(Written a couple Saturdays ago, just getting around to posting it so I can find it in the future.)
I attended the memorial today for Hartley, who passed away earlier this summer after a brief battle with cancer. He’s the first person who I’ve been inside a burning building, on air, with who has died.
It was 96, with humidity to match, outside — even more inside the Depression-era church my Grandmother helped raise the money to build, which is perhaps fitting because my first memory of Hartley is from a cub scout pool party at his house. To date myself, a few years later as Webelos we piled into the back of his pickup for the 25 mile trip to scout camp.
He first started running calls as a 12 year old tagging along with his dad, who served a brief but pivotal tenure as Fire Chief following World War II when our fire company lost half its membership but gained a sense of limitless ability to improve that would carry it forward for the next fifty years.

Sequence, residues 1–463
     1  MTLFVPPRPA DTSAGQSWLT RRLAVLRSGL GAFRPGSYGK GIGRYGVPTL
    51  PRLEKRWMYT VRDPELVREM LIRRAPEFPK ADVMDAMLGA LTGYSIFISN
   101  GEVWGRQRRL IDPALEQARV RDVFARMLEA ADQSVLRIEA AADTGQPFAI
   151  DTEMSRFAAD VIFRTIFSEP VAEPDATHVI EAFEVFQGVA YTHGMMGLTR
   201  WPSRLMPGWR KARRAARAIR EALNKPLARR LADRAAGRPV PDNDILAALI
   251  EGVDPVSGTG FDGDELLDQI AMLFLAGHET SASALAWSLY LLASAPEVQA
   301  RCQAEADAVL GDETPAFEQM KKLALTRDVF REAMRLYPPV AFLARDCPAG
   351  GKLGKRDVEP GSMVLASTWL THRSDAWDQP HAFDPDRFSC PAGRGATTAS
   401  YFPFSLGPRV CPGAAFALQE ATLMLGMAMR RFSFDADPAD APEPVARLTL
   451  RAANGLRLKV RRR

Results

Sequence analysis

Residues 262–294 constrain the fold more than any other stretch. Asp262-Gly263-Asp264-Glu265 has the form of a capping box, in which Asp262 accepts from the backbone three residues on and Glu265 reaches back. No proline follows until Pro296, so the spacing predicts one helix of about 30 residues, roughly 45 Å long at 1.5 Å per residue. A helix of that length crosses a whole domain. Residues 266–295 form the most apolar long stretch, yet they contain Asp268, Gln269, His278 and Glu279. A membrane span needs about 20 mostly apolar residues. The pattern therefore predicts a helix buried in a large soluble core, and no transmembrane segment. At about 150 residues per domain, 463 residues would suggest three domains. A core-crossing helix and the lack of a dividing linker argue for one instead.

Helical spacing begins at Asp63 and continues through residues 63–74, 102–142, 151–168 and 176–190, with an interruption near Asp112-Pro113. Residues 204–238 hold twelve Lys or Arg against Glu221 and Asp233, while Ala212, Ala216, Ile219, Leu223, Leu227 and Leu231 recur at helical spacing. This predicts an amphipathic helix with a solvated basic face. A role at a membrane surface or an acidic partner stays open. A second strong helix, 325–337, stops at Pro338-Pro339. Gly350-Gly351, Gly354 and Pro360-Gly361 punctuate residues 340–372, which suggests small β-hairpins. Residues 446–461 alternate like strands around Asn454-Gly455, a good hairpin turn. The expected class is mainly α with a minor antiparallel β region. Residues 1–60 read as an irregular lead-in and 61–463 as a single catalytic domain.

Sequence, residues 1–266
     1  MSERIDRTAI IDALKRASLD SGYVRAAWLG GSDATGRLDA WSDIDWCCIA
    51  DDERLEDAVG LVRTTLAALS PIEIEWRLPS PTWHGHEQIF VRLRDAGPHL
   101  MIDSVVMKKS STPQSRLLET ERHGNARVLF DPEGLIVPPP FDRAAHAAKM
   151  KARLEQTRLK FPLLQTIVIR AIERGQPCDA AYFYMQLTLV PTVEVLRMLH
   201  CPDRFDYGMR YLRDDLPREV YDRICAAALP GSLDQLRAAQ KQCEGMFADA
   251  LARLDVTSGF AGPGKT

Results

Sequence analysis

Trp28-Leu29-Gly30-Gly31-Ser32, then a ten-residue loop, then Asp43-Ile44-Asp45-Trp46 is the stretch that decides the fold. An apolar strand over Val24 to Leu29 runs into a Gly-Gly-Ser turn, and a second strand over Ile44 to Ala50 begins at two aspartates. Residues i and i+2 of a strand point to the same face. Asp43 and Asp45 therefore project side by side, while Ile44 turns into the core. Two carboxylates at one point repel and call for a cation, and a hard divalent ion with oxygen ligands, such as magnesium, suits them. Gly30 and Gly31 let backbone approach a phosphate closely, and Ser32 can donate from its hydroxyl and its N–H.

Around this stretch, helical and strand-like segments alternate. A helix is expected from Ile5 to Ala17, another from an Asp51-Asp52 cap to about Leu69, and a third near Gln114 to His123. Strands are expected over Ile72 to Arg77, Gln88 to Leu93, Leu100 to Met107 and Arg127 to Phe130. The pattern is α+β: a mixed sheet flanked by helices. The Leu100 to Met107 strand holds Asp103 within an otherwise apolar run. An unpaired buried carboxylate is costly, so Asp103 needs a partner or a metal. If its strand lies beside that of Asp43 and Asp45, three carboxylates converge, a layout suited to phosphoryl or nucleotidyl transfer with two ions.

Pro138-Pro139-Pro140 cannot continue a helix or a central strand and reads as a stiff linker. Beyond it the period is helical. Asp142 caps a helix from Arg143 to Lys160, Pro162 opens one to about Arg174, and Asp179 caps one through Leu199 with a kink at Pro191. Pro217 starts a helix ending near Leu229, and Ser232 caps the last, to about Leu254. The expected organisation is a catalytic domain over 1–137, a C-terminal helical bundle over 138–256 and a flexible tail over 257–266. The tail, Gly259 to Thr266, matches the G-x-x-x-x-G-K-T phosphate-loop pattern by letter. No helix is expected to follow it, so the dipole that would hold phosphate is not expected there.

His sons gave a pair of well done eulogies. His younger son Dave, who was never a firefighter but worked in a fire-related family business, intertwined fire company, family, and community starting off after the introductory statements with, “Rockwood nozzle,” and concluding with “He would say if you had a difficult problem in life take a deep breath, think about the situation, and use Class A foam.”
His older son Bob is a long time training officer for the Manchester, New Hampshire fire department. He started by recalling a Gordon Graham video he’s played hundreds of times over the years when Gordon recalls excitedly telling his dad he had just gotten his first job, which would include sweeping floors. Gordon’s dad replies, “Well, let’s go downstairs so I can teach you how to sweep floors.”
While the broad theme was there is a right way, and wrong way, and Hartley’s way (which almost always was the right way) it wasn’t a metaphor for me since I still remember the day many years ago Hartley, while he was still Deputy Chief, grabbed one push broom and handed me the other and said, “If the trucks aren’t in the bays but you are, it’s time to sweep.”
A couple photos in my odd preference for candid people and things
At the meal afterwards...my mom & Rudy who've known each other at least since High School...
And although my Fusion never parked next to Hartley's ride at a fire or the station...it is the last time one of my vehicles will be next to his.